Hegland's overnight success took about five years

March 23, 1997
Elisabeth Sherwin -- gizmo@ dcn.davis.ca.us
[ "Into the Forest" is on Elisabeth Sherwin's List of Best Books, the 1997 compilation ]

Jean Hegland's first novel, "Into the Forest," is about to become a best-seller but like most things that appear to be overnight successes, this was anything but.

I spoke to Hegland, 40, by phone recently from her home outside Healdsburg and she told me that at least part of the book's creation did, in fact, come overnight.

"The book had an interesting genesis," she said. She and her husband and children had just moved to their house in the country, in a place not unlike the setting for "Into the Forest."

"One night I couldn't sleep, which is extremely unusual for me," she said. "I couldn't get up and wake everyone else, so I stayed in bed and told myself a story. By the time the sun came up I had this vision, this story, in mind and was compelled by it. I even knew what the ending would be. I thought I knew the story well and could blast it out in about six months."

Five years later, the book was published by a small feminist press, Calyx, in Corvallis, Ore. Now the book has been sold to Bantam and will be re-issued in September.

Hegland laughs at how na´ve she was initially. If she had known how long it would take, she might not have started the project.

"Into the Forest" is what's called a "future history."

"Everything in it is true, it just hasn't happened yet," says Hegland. It's the story of two teen-age girls, sisters, in Northern California who learn to live on their own when their parents die and society disintegrates.

The story takes place in the near future when society's myriad problems converge. One by one, services fail. First the mail stops being delivered, then the banks close, then the electricity blinks off.

At first these are merely inconveniences, failing to unduly alarm Nell, her sister, Eva, or their parents. They live out in the country at the very end of the road, 32 miles from the nearest small town of Redwood. The sisters are home-schooled by their off-beat parents.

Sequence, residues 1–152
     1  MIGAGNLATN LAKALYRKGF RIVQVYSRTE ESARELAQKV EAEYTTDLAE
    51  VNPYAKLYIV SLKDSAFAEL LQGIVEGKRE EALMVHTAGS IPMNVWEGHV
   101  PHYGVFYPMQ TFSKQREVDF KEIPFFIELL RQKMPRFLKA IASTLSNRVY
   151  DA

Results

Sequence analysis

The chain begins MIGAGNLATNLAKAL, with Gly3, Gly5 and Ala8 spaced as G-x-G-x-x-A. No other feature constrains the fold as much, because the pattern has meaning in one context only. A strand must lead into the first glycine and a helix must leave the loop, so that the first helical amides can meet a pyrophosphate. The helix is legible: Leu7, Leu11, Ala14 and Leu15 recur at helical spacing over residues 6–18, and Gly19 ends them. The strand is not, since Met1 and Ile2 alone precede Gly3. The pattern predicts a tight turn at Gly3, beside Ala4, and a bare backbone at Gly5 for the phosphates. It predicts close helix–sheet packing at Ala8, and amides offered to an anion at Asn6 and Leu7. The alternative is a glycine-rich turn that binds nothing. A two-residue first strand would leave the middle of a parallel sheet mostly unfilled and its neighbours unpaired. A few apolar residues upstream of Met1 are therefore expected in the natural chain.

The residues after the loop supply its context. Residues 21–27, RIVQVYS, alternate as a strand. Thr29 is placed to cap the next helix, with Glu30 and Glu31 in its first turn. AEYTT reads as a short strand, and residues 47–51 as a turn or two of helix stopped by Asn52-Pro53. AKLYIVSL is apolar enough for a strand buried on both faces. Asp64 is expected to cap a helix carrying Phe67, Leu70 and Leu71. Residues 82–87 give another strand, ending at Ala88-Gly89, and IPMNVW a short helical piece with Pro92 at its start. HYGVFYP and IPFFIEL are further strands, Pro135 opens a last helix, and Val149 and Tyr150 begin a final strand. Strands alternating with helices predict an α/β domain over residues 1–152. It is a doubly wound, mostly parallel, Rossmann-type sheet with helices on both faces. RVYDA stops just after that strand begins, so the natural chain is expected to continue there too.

Gas supplies dry up. Schools close. They begin to hoard food, can fruits and vegetables, cut quantities of timber for firewood, and save each sliver of soap. Finally, they are entirely cut off from the rest of the increasingly chaotic world. But still they wait and hope for life to return to the way it used to be. But their mother dies, followed by their father. Slowly, over a period of months, Nell and Eva begin to realize that life as they once knew it will never be the same. They can't count on anyone but themselves. They have no government, no parents, no boyfriends - and they are increasingly in danger. They have to meet the physical challenges of a new world if they want to survive and they have to do it together.

One of the things that slowed Hegland down in terms of writing the book was the need for research.

"I had to research chain saws and native plants," she said. She also researched wild-pig hunting and gardening and drew on her own knowledge of childbirth. Hegland wrote a non-fiction book in 1991 called "The Life Within: A Celebration of Pregnancy" published by Humana Press.

Hegland said she felt driven while writing the story.

"As I was writing it, I was immersed in that world. I wanted to write it before things started breaking down. Now I'm drifting away from that sense of urgency. I was and still am worried about the future but I think it's quite a hopeful book even though not everyone reads it that way."

Her daughters, age 8 and 10, are dying to read the book but Hegland has told them they have to wait until they are 14. She also has a 3-year-old son.

Hegland grew up in Washington state and got her master's degree in rhetoric and composition in 1984 from Eastern Washington University. That same year she got married and moved to California where she began teaching at Santa Rosa Junior College with her husband, Douglas Fisher.

She is currently working on a second novel about the state of contemporary motherhood. This novel will not be set in the future. Hegland does not consider herself a science fiction writer even though her favorite writers are Margaret Atwood and Ursula Le Guin.

"I'm not really a science fiction fan," she adds. "I'm more of a literary reader. I never thought of 'Into the Forest' as science fiction."

Hegland says she writes when the littlest one is napping and in the evenings when all the children are in bed. And she is delighted with the success of her book.

"It is so gratifying," she said. "You never know what kind of response will come back to you but I've had incredibly gratifying responses from a variety of people -- from teen-age boys to my mother's friends in their 70s."

Jean Hegland Portrait Jean Hegland is the author of "Into the Forest" published by Calyx Press and to be re-released as hardcover by Bantam Books, September 1997.

Elisabeth Sherwin says "'Into the Forest' gets an unqualified rave review" in her March 2, 1997 column and interviews Jean Hegland in "Hegland's overnight success took about five years," her March 23, 1997 column.

Photo -- Courtesy

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